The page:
Thursday, 26 March 2020

How To Make 100G Pluggable Optics In Massive Volume

We’ve been talking about Single-Lambda 100G and why it’s so important for the next generation of 100G pluggable optics. I use the term “pluggable optics” because even though 100G is all about the QSFP28 form factor these days, the next generation should be an SFP of some sort.

Let’s back up a little and get back to where the previous post left off. We said that we’re working toward the vision of simpler 100G pluggable optics. And to facilitate that, we’re using PAM4 modulation so that we can get by with only one laser instead of four, and therefore one wavelength (a.k.a. “lambda”), to carry a full 100Gb/s stream of data.

Why is it important to minimize the components in the module? Consider the diagram in Figure 1. It shows what goes into today’s 100G QSFP28 pluggable optical modules. Notice that they are inherently four-channel devices, both in the optical interface facing right, and the electrical interface facing left. Each of the four channels carries 25G of NRZ data, for a total of 100G.

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Figure 1. Block diagram and application of a typical 100G QSFP28 transceiver for duplex SMF.

Compare this with the diagram in Figure 2, a typical 10G SFP+ transceiver. It’s pretty simple. There is only one lane that carries 10G of data. There is typically only a laser, a photodiode, and simple driver circuits for optical-to-electrical and electrical-to-optical conversion. This simplicity is key to why manufacturers are able to make 20 million 10G SFP+ modules per year.

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Figure 2. Block diagram and application of a typical 10G SFP+ pluggable transceiver module.

Eventually, when 100G SerDes (serializer – deserializer) is available on switch and router ports, the ASIC behind the ports can take over the FEC (Forward Error Correction) and PAM4 (Pulse Amplitude Modulation with 4 levels) functionality, leaving the pluggable module to perform only the optical-to-electrical and electrical-to-optical conversion. Then we could increase faceplate bandwidth density by using the smaller SFP form factor, with a single 100G lane on the electrical side that interfaces with the switch or router port. This form factor will likely be called SFP112 (Figure 3). Note that the block diagrams in Figures 2 and 3 look nearly the same.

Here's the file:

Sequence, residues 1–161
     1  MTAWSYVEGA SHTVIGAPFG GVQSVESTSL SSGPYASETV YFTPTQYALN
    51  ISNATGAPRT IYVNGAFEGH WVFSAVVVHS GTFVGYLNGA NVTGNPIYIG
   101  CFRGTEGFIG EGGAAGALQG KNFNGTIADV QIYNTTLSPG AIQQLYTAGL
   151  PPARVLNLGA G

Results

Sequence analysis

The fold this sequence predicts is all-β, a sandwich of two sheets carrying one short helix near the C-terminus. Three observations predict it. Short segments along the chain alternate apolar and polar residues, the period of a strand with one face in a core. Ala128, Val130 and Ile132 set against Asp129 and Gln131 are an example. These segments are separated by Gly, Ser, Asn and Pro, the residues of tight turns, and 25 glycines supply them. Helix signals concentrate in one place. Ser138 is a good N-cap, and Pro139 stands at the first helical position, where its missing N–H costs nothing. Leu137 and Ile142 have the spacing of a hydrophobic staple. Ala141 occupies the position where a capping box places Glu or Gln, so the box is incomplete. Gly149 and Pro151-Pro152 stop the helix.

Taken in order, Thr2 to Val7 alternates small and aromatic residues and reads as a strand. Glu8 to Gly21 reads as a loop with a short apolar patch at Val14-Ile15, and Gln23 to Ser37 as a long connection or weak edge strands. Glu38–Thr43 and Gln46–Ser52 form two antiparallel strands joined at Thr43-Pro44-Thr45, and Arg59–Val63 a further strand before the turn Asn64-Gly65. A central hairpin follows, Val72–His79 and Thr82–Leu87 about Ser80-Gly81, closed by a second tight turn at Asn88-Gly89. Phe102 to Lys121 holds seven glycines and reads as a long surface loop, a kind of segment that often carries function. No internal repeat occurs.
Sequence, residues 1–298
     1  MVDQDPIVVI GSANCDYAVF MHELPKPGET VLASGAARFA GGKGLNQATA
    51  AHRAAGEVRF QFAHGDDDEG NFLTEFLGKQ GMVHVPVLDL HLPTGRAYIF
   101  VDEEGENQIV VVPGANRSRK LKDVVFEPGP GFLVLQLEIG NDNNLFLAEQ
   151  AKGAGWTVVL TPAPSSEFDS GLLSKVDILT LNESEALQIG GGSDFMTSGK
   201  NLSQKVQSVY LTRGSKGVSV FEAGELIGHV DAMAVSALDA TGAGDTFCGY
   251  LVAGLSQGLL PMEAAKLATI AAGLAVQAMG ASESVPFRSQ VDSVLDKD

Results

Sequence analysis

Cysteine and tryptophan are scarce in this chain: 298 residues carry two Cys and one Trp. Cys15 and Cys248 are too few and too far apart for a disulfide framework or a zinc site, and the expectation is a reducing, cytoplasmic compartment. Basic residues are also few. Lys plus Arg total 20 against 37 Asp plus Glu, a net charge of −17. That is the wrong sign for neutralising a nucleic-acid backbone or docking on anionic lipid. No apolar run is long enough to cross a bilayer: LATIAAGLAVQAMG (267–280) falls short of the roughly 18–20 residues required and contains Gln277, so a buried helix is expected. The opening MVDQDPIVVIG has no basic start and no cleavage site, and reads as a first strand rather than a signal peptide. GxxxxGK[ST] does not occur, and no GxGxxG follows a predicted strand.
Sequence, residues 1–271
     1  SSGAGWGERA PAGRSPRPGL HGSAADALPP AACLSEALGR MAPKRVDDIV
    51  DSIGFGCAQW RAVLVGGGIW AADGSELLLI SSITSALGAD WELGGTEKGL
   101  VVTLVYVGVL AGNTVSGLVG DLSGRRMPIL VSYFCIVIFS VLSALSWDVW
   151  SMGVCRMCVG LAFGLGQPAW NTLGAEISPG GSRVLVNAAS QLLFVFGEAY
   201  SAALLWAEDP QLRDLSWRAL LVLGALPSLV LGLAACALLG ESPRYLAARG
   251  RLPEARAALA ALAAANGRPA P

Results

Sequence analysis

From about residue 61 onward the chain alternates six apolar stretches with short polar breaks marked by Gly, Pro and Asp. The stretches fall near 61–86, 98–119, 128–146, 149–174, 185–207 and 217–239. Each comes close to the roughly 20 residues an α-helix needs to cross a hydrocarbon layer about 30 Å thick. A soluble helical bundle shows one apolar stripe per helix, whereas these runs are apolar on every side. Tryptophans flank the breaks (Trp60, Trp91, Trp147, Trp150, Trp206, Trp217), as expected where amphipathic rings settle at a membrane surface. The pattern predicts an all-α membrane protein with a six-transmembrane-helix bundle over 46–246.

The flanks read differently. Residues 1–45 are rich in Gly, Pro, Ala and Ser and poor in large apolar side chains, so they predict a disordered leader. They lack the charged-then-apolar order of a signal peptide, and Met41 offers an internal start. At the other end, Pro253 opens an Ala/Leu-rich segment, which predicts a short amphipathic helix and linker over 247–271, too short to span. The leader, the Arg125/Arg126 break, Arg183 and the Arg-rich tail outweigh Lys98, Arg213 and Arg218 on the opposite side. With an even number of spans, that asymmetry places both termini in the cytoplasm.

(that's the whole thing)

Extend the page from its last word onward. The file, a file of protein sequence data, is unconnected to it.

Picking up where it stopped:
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Figure 3. Block diagram and application of a future 100G SFP pluggable transceiver module. It will likely be called SFP112.

We’re not there yet, though. In the meantime, we have QSFP28 modules that perform the FEC and PAM4 inside the module, as well as convert the electrical 4x25G lanes to the single 100G lane. This is what happens in our recently released QSFP28 100G FR module. The benefit of adopting this QSFP28 now is that when the SFP112 becomes available, today’s switches and routers using QSFP28 modules will interoperate with the future ones that accept SFP112 modules. And there won’t be any need for 4x25G-to-100G conversion because both the electrical interface and the optical signal will be single-lane 100G. This forward compatibility is highly advantageous for network upgrade strategies, as it prevents your existing QSFP28 modules from becoming obsolete as you add new SFP112-based hardware.

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